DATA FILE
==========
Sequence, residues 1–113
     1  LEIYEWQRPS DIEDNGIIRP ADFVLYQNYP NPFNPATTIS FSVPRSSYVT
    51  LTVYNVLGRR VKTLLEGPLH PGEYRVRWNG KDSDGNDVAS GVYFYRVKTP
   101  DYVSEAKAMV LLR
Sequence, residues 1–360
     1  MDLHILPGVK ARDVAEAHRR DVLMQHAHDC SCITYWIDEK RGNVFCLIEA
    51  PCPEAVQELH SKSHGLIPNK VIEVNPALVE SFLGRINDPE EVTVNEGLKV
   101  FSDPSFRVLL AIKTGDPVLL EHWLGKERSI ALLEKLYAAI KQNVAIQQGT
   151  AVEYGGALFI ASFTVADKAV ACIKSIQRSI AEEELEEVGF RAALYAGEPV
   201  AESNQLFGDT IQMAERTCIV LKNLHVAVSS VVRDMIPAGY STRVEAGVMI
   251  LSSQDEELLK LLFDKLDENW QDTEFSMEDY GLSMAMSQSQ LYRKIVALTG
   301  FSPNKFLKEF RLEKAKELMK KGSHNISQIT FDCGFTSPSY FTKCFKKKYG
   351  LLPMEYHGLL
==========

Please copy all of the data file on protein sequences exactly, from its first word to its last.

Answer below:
Sequence, residues 1–113
     1  LEIYEWQRPS DIEDNGIIRP ADFVLYQNYP NPFNPATTIS FSVPRSSYVT
    51  LTVYNVLGRR VKTLLEGPLH PGEYRVRWNG KDSDGNDVAS GVYFYRVKTP
   101  DYVSEAKAMV LLR
Sequence, residues 1–360
     1  MDLHILPGVK ARDVAEAHRR DVLMQHAHDC SCITYWIDEK RGNVFCLIEA
    51  PCPEAVQELH SKSHGLIPNK VIEVNPALVE SFLGRINDPE EVTVNEGLKV
   101  FSDPSFRVLL AIKTGDPVLL EHWLGKERSI ALLEKLYAAI KQNVAIQQGT
   151  AVEYGGALFI ASFTVADKAV ACIKSIQRSI AEEELEEVGF RAALYAGEPV
   201  AESNQLFGDT IQMAERTCIV LKNLHVAVSS VVRDMIPAGY STRVEAGVMI
   251  LSSQDEELLK LLFDKLDENW QDTEFSMEDY GLSMAMSQSQ LYRKIVALTG
   301  FSPNKFLKEF RLEKAKELMK KGSHNISQIT FDCGFTSPSY FTKCFKKKYG
   351  LLPMEYHGLL